Where Google Is Headed

Google CEO Eric Schmidt was recently interviewed by BusinessWeek about the future of Google.

The following is an excerpt from the BusinessWeek interview:

Maria Bartiromo

Where is the growth coming from in the next 5 or 10 years for Google? Is it more search opportunities? Is it mobility?

Eric E. Schmidt

Probably a combination. It’s obvious that the highest growth is in our core business as we get better and better at targeted ads, and those ads become more valuable. Our whole theory about advertising is that an advertisement that’s not targeted—just a random ad that you just walk by—is a waste of somebody’s money because you’re not going to buy. It wasn’t relevant to you.

Aren’t there three times as many phones out there as there are PCs now?
More than that. The rough number of PCs is around 800 million; the rough number of mobile phones is on the order of 3 billion. Even more important, the growth rate of mobile phones is quite a bit higher than that of personal computers. There’s an estimate of about 600 million mobile phones that are data- and Internet-capable. And that is the group that we really care about because those are the ones that are able to run powerful browsers. This was all kicked off by the iPhone. The iPhone sort of showed what you can do with a very powerful browser. Now there are many new kinds of devices with powerful browsers where you can have very high-quality ads, new applications, and, of course, the phone.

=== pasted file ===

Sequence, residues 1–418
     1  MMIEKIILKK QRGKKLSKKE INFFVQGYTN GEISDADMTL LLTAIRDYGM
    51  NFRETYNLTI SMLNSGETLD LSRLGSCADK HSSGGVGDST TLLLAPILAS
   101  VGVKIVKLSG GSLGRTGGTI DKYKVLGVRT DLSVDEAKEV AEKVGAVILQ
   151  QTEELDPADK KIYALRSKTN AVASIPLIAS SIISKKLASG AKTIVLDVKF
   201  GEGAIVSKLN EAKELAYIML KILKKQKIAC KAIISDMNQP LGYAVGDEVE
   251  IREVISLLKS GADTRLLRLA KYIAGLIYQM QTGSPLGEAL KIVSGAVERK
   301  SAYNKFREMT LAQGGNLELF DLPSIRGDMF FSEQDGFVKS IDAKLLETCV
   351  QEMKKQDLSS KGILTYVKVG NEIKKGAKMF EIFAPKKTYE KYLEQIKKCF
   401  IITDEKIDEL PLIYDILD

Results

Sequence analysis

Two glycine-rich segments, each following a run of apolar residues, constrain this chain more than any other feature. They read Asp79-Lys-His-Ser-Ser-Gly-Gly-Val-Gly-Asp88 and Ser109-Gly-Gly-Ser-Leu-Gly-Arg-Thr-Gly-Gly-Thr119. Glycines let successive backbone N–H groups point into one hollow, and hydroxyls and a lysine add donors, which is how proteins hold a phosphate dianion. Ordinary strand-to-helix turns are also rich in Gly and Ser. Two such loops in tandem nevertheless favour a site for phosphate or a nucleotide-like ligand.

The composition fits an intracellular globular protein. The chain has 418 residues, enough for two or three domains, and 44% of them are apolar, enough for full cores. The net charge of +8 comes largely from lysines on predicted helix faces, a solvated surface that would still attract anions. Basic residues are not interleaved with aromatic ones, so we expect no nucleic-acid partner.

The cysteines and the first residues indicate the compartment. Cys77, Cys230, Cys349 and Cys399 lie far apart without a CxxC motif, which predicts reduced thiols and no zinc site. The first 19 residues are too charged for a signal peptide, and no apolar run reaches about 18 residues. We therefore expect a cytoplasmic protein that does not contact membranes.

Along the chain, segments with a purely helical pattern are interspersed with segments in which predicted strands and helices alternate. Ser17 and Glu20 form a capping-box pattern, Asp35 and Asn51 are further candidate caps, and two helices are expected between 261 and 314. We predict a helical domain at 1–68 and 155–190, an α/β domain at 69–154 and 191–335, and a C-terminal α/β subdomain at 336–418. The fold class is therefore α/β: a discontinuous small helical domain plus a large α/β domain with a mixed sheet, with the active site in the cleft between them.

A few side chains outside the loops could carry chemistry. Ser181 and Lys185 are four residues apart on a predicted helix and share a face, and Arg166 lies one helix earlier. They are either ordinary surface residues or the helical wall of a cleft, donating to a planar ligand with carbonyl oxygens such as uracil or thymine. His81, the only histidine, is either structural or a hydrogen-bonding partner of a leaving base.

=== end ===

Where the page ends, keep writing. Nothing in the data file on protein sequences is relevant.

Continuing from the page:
So how do you get to the next step in the mobile business? Do you need to partner with other companies to make sure that the speed is there, that the connectivity is there?
We’re doing that with our telecommunications partners. We actually share in the revenue for the ads that show up on the phones. So the advertiser pays us, and then we share it, literally, with the handset and mobile operator. And often we divide between both. And that seems to be the only way to really get money into that system. It’s very, very important that the telecom operators have enough capital to continue the build-outs of the so-called 3G and 4G networks.

What are the biggest challenges the mobile Web presents?
Let’s start with the fact that the phones are not fast, the networks are not as capable, the ad formats are not standardized. But on the other hand it’s very, very important to solve those problems because a phone is very personal. And so if we know a fair amount about a person, with their permission we can target a useful ad—you know, “It’s Eric. You had a hamburger yesterday, do you want pizza today? There’s a pizza store on the right.” That kind of ad is likely worth a lot of money to an advertiser because it will generate a sale.

In other words, you send a message to the person’s cell phone, saying: “Look, we know you had a burger yesterday. If you want pizza today, just go around the block”?
Right. It may sound creepy, but it might also be quite valuable. People could use advice as to what to eat and where the food is—and of course you can turn it off. So the important thing here is advertising that has value to the person is advertising that is a valuable business. That’s the business we’re in.


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